If you think it’s crowded at your local fireworks show tonight, you should see our undersupplied border detention facilities in the Rio Grande Valley, which are described as a “ticking time bomb” not by liberal Stalin-loving hippies but by a senior manager at a Homeland Security detention camp in a report from DHS Acting Inspector General Jennifer Costello:
In addition to the overcrowding we observed, Border Patrol’s custody data indicates that 826 (31 percent) of the 2,669 children6 at these facilities had been held longer than the 72 hours generally permitted under the TEDS standards and the Flores Agreement.7 For example, of the 1,031 UACs held at the Centralized Processing Center in McAllen, TX, 806 had already been processed and were awaiting transfer to HHS custody. Of the 806 that were already processed, 165 had been in custody longer than a week. Additionally, there were more than 50 UACs younger than 7 years old, and some of them had been in custody over two weeks while awaiting transfer.
In addition to holding roughly 30 percent of minor detainees for longer than 72 hours, several Rio Grande Valley facilities struggled to meet other TEDS standards for UACs and families. For example, children at three of the five Border Patrol facilities we visited had no access to showers, despite the TEDS standards requiring that “reasonable efforts” be made to provide showers to children approaching 48 hours in detention. At these facilities, children had limited access to a change of clothes; Border Patrol had few spare clothes and no laundry facilities. While all facilities had infant formula, diapers, baby wipes, and juice and snacks for children, we observed that two facilities had not provided children access to hot meals — as is required by the TEDS standards — until the week we arrived. Instead, the children were fed sandwiches and snacks for their meals. Additionally, while Border Patrol tried to provide the least restrictive setting available for children (e.g., by leaving holding room doors open), the limited space for medical isolation resulted in some UACs and families being held in closed cells [Office of the Inspector General, Department of Homeland Security, Management Alert—”DHS Needs to Address Dangerous Overcrowding and Prolonged Detention of Children and Adults in Rio Grande Valley (Redacted),” 2019.07.02].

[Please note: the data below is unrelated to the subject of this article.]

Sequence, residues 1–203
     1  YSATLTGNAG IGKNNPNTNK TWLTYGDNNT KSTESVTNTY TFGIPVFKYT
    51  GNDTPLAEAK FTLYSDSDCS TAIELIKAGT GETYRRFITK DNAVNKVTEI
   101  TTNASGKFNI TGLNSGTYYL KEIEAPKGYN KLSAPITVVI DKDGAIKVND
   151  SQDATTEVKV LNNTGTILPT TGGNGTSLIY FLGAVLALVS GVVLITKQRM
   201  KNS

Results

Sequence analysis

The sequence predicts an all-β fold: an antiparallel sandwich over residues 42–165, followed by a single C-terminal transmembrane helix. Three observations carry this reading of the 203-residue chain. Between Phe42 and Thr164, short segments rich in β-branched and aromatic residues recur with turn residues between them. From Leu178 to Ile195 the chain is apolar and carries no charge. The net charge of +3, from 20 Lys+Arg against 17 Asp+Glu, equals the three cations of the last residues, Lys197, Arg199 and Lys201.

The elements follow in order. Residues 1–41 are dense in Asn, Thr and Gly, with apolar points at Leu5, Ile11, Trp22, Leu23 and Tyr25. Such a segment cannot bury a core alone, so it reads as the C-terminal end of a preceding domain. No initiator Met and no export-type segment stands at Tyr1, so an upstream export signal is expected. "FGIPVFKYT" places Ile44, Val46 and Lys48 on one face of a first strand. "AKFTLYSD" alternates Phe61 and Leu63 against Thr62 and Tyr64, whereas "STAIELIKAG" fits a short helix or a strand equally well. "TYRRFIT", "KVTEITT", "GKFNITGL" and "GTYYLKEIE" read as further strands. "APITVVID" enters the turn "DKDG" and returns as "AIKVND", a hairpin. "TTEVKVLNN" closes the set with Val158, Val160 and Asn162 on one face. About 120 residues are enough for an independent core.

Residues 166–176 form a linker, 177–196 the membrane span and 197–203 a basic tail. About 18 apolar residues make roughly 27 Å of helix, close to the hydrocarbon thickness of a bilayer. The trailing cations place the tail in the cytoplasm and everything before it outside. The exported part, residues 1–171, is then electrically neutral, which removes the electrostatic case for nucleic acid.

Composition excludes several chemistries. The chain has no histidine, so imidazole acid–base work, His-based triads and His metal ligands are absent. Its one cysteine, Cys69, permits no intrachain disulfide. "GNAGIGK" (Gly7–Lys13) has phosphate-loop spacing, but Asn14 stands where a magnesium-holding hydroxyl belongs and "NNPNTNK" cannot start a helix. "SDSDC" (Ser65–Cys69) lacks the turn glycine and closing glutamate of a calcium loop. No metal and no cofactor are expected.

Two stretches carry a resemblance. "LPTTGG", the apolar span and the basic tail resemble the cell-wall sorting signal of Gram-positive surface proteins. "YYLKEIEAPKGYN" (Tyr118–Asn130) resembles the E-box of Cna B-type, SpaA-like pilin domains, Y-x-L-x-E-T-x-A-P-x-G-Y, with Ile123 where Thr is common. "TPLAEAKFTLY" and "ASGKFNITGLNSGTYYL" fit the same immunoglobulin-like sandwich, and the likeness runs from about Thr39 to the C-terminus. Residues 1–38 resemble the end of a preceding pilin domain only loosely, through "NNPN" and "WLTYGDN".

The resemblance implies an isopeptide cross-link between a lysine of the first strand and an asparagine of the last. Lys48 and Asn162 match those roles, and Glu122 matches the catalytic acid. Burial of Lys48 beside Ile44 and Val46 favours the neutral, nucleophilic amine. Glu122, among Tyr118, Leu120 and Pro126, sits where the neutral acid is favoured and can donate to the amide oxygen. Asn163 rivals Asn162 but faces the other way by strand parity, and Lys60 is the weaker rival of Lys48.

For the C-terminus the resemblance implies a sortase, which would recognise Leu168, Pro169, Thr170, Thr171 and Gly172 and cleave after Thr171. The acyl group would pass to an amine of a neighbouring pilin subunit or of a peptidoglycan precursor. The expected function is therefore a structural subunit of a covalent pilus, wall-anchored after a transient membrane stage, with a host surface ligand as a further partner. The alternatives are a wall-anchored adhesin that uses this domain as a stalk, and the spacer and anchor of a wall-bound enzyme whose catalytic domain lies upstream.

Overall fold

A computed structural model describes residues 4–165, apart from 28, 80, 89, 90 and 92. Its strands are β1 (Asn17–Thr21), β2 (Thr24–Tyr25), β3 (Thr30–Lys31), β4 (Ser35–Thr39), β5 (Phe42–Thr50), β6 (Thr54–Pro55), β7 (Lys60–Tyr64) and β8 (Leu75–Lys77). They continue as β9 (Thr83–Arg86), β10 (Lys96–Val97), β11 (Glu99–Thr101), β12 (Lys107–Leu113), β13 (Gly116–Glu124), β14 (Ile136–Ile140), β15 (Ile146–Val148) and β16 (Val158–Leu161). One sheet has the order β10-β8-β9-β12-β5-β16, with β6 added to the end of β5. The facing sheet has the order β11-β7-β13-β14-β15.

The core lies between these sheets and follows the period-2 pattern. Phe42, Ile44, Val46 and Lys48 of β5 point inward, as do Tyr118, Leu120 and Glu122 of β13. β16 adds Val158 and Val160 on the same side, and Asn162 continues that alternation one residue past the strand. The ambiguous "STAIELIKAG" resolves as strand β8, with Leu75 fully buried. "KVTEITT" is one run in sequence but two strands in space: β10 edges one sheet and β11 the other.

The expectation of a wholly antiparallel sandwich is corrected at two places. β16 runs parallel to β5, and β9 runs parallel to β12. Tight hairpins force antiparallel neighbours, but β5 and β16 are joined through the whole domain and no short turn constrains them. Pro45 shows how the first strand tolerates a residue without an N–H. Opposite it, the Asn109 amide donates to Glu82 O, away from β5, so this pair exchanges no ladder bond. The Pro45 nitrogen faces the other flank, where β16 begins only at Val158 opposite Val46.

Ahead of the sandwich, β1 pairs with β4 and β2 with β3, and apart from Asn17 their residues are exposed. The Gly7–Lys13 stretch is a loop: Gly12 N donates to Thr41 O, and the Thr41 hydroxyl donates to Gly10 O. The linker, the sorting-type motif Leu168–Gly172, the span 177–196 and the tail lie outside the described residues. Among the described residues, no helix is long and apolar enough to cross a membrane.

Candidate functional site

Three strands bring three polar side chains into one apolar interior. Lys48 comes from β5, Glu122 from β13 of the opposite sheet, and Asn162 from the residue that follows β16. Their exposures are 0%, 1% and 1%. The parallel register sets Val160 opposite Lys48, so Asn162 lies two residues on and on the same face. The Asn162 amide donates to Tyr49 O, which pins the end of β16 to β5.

DHS responds that more people are crossing the border illegally, that Congress needs to act, and that courts need to quit creating “loopholes”:
Throughout this crisis, CBP continues to do everything it can to promptly transfer, transport, process, release, or repatriate those in our custody. However, without Congressional action to address legal and judicial loopholes, families and UACs will continue to be incentivized tby the smuggling organizations to make the dangerous journey and be encouraged by the likelihood that families will not be detained during their immigration proceedings. As more migrants become emboldened by these loopholes, CBP expects this influx to not only continue, but also to escalate [Jim H. Crumpacker, Director, Departmental GAO-OIG Liaison Office, DHS Management Response to OIG Draft Management Alert, 2019.07.01].
Richest, most powerful country in the world, and we can’t get kids who want to become Americans a hot meal, and shower, and room to stretch their legs. Seriously—look at all the food around you here in the land of the free and tell me why we can’t afford to share with these willing new Americans.